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New Zealand Judge Rules Kim Dotcom Eligible for Extradition

The Megaupload founder and his three co-defendants are one step closer to a US jail cell.

by Tess McClure
20 February 2017, 10:43pm


A New Zealand court has ruled Megaupload founder Kim Dotcom can be extradited to face criminal charges in the US—but the German millionaire's legal team will fight on.

Dotcom is accused of running an illegal piracy empire in file-sharing site Megaupload. The larger-than-life entrepreneur was arrested in a dramatic raid by NZ police in 2012, as they executed search warrants related to attempts by American authorities to extradite him. His assets, valued at around NZ$11.8m, were frozen, bar a monthly dividend of $60,000 for living expenses and staff wages. US prosecutors say that Megaupload, owned by Dotcom, raked in $175m mainly from illegally downloads. If convicted in the US, he faces up to 20 years in prison.

In a ruling released yesterday, Justice Gilbert decided Dotcom and his co-defendants are indeed eligible for extradition.

But Dotcom and co aren't laying down easy. His legal team put out a statement yesterday, saying they will continue to fight the case in the Court of Appeal.
"This case is no longer the "largest criminal copyright case", at least as far as New Zealand is concerned. As we have said all along, there is no such offence under our Copyright Act. We were right. However, this afternoon the High Court judgment was issued and, ultimately, although it concluded we are right, the Court concluded that Kim is still eligible for surrender.

"To win the major plank of the case but to get that outcome is extremely disappointing. However, we are far from defeated. It is hard to accept the logic that, if the conduct that all accept at its heart relates to assertions of breach of copyright is not an offence under that Act, how it can nonetheless be massaged into a general fraud offence."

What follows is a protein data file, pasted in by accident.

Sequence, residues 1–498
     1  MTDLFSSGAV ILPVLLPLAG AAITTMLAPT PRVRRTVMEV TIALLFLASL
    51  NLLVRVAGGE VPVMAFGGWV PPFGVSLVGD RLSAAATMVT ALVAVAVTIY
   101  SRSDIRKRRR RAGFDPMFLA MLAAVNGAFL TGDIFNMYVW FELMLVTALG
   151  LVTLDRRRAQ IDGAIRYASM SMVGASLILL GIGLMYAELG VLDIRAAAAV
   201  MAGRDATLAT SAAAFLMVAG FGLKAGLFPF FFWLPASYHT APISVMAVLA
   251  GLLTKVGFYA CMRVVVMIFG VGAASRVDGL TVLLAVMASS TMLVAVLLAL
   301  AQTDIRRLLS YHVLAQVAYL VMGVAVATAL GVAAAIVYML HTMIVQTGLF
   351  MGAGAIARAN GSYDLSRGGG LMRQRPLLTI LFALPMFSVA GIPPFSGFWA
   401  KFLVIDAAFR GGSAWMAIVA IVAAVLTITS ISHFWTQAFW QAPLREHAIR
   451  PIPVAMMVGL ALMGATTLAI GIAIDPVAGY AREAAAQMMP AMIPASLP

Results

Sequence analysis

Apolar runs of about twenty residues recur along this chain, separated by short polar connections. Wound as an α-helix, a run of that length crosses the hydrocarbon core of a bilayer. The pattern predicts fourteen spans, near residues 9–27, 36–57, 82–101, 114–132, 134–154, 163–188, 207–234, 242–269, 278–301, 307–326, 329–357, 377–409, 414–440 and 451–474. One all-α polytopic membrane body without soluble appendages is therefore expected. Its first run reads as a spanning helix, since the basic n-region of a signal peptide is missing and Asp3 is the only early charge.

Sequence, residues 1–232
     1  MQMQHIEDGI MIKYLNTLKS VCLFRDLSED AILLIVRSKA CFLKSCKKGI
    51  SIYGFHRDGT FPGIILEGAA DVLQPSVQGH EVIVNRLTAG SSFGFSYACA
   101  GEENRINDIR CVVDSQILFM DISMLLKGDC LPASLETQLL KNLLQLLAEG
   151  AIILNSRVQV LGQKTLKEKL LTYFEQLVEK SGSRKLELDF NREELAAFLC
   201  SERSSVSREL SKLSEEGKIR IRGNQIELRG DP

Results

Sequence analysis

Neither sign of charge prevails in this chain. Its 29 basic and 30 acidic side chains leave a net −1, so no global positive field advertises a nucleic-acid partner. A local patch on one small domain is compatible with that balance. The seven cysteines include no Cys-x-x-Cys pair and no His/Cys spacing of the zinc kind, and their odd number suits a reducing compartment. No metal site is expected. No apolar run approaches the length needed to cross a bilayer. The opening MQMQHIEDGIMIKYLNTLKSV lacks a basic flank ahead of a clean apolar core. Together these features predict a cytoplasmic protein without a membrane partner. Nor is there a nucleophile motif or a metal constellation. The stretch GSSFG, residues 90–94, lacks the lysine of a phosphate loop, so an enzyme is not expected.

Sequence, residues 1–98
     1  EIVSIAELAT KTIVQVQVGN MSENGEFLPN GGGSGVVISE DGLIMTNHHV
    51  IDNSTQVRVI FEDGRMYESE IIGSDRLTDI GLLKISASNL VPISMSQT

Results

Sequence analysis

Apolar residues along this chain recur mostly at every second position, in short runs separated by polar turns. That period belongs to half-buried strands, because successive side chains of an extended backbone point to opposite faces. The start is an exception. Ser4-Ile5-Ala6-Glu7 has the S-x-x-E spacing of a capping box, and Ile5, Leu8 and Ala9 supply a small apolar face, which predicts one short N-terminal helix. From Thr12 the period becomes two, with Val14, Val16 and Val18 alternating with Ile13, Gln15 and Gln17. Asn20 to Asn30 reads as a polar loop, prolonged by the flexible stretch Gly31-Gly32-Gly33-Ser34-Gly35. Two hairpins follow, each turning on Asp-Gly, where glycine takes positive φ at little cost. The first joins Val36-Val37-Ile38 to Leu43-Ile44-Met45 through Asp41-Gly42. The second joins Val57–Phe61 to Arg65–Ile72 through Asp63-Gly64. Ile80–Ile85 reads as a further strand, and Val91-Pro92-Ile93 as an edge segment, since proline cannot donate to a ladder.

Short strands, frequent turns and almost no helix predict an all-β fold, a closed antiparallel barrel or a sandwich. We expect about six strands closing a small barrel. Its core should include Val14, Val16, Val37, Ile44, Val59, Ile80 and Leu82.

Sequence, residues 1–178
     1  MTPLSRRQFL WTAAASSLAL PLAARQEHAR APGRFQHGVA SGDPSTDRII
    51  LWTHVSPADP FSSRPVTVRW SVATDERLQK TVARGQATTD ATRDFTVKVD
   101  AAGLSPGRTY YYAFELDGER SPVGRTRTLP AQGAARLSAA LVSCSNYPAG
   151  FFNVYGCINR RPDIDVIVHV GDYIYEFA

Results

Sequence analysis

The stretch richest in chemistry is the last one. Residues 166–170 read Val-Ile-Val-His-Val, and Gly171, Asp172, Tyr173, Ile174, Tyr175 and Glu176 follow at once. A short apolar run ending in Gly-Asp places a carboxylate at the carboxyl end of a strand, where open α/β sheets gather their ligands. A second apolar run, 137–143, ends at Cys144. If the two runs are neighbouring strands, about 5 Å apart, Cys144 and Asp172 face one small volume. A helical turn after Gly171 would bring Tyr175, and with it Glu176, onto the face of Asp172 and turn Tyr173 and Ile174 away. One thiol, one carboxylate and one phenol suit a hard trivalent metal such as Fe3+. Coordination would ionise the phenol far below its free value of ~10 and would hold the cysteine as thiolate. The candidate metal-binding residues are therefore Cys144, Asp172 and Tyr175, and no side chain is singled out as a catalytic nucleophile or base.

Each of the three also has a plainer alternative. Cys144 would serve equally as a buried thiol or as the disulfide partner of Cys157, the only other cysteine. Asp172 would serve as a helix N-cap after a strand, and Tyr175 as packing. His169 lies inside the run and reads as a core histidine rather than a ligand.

At the heart of Dotcom's case is the fact breaches of copyright are not a criminal offence in New Zealand—and so are not covered by extradition. But the other charges Dotcom faces—specifically fraud—are. In this case, Justice Gilbert notes that copyright isn't covered, but essentially rules that fraud is at the heart of the case.

He writes: "The core of this case involves allegations of copyright infringement. I have accepted one of the main planks of the appellants' argument that online communication of copyright protected works to the public is not a criminal offence in New Zealand." But then: "However, I have concluded that the appellants are not correct in asserting that the general criminal law fraud provisions in the Crimes Act cannot apply in cases of copyright infringement and that such cases can only be prosecuted under the Copyright Act. This largely explains why I have reached the same overall conclusion as the District Court."
You can read the full 363–page ruling here.

But Dotcom's lawyer is still hopeful:
"Whether Kim has committed an offence under New Zealand copyright law has finally now been answered in his favour; he has not," he says in a statement. "Whether our law should still permit him to be extradited to the United States under an Act that has no interest in copyright, is the question that remains now to be answered by our Courts. We say no and we are confident that this must be right."

Meanwhile, Dotcom himself says he won't be losing sleep over the defeat.

In October 2013, VICE News was invited to visit the infamous tech mogul and creator of Megaupload, Kim Dotcom, at his palatial property in New Zealand. At that point Dotcom was still under house arrest, and all his assets were frozen. You can watch the documentary here.

Follow Tess on Twitter.

Tagged:
Internet
copyright
NEW ZEALAND
Extradition
kim dotcom
megaupload
internet freedom